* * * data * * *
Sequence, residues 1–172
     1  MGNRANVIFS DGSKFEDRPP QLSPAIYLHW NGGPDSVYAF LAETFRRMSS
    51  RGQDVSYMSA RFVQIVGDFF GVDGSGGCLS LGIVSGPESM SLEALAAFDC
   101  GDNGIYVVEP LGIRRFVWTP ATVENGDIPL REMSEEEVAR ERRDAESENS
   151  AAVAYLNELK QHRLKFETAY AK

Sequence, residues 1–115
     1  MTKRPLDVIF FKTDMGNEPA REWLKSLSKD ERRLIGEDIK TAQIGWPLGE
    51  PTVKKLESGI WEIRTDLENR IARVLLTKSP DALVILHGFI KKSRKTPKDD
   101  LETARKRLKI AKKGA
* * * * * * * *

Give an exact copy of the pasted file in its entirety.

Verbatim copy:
Sequence, residues 1–172
     1  MGNRANVIFS DGSKFEDRPP QLSPAIYLHW NGGPDSVYAF LAETFRRMSS
    51  RGQDVSYMSA RFVQIVGDFF GVDGSGGCLS LGIVSGPESM SLEALAAFDC
   101  GDNGIYVVEP LGIRRFVWTP ATVENGDIPL REMSEEEVAR ERRDAESENS
   151  AAVAYLNELK QHRLKFETAY AK

Sequence, residues 1–115
     1  MTKRPLDVIF FKTDMGNEPA REWLKSLSKD ERRLIGEDIK TAQIGWPLGE
    51  PTVKKLESGI WEIRTDLENR IARVLLTKSP DALVILHGFI KKSRKTPKDD
   101  LETARKRLKI AKKGA